Anvils of the world, American, British, Chinese, French, German, ancient and modern.
Images from the Ferdinand, Prillwitz and Greenwood collections and the anvilfire image collection.
This collection is the result of many years work by many people.
It is the work of the collectors such as Ken and Lenny Lyda-Ferdinand and dealers such as Steve Prillwitz of Matchless Antiques who have graciously taken the time and donated photographs.
More may follow.
It is also the work of those who have donated and/or given permission to use their photographs.
Lastly it is the work of the anvilfire guru, Jock Dempsey, who took many of the photos and has digitally reworked all the images many of which are now digital paintings as much as photographs.
The purpose of this collection is to be a free on-line museum of historical and modern anvils for the curious and for the student.
In particular it is for those that think all anvils look alike and those that design new anvils who should know what has come before and what has worked.
There are many historical designs that can be improved upon very little and many modern copies that are poorly produced.
New anvils are few in this collection simply because we do not have the photos.
It is a sad fact that our industry generally does a very poor job of presenting their product or does so in such small images that it is difficult to tell anything about the product.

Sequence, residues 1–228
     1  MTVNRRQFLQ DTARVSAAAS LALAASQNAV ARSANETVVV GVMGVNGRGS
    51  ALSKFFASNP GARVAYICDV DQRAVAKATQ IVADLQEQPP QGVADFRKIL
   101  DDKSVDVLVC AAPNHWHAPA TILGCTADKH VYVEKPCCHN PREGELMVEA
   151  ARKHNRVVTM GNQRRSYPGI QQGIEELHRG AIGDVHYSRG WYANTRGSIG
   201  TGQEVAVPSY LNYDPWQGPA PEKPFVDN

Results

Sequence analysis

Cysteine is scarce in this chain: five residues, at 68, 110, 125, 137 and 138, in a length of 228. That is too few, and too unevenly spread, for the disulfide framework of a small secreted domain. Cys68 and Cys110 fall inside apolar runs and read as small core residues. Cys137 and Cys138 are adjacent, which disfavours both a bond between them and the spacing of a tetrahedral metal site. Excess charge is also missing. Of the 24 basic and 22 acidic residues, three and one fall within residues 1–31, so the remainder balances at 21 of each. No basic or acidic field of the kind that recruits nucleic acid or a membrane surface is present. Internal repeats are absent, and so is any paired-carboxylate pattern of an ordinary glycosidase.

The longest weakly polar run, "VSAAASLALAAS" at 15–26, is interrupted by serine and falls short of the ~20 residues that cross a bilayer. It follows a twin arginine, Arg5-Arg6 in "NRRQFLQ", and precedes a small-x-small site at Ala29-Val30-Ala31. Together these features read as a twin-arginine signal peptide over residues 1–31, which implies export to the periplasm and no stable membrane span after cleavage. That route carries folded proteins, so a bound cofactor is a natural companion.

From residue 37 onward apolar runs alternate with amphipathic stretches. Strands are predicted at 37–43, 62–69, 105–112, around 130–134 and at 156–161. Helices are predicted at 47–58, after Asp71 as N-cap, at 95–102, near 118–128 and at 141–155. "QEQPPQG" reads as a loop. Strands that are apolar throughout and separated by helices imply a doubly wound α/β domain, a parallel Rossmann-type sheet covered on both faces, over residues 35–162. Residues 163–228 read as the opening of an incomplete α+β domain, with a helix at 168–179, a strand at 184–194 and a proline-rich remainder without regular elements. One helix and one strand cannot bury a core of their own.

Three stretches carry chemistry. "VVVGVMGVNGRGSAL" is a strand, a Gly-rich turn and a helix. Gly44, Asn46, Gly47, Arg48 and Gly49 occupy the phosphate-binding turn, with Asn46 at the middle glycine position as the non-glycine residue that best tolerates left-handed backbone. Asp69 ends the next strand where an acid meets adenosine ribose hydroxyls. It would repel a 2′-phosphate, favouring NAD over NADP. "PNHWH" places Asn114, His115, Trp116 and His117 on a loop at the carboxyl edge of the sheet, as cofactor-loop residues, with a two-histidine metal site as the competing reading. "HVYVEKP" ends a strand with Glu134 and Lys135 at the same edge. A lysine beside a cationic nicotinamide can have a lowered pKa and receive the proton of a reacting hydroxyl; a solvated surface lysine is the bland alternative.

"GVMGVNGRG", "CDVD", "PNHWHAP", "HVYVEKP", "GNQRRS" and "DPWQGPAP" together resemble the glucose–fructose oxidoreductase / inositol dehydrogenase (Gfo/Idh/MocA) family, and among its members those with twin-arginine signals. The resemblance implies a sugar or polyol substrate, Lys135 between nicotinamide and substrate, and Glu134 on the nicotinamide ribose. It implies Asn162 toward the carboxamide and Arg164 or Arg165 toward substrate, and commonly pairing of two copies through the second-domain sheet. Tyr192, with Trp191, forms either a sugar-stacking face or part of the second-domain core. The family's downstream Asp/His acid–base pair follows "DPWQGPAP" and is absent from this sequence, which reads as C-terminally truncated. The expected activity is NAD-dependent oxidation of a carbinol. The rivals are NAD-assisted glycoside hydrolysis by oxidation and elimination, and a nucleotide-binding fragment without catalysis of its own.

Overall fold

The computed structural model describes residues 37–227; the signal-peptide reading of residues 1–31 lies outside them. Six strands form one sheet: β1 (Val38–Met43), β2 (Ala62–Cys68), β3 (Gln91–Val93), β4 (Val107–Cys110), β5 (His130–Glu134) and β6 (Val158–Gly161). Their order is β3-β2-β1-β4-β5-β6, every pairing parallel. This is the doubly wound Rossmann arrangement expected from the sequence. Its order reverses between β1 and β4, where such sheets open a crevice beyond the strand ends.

This is a continuing project.
We have launched it with over 40 anvils but expect to have over 100 when the project is finished.
If you have photos you would like to donate we would be happy to consider them.
ANVIL TIP OF THE DAY : Dressing a Rough Anvil
Friday Dec 4, 2020 - 15/27
Anvils get rough from rust and abuse (cold work, cutting hard materials) and the flat surfaces need dressing. New anvils are often sold with as-cast or as forged surfaces such as the horn. In the past this would be done by filing. A long slow process and difficult on the hardened face and edges. Today various electric grinders and sanders are available. The best tool is a hand held belt sander designed for wood work. A belt sander is less likely to make more dings and is designed for flattening which is the goal. On horns the sander is used perpendicular to the long axis and rolled over the surface producing a beautiful finish. Corners are a special case . . . (next)
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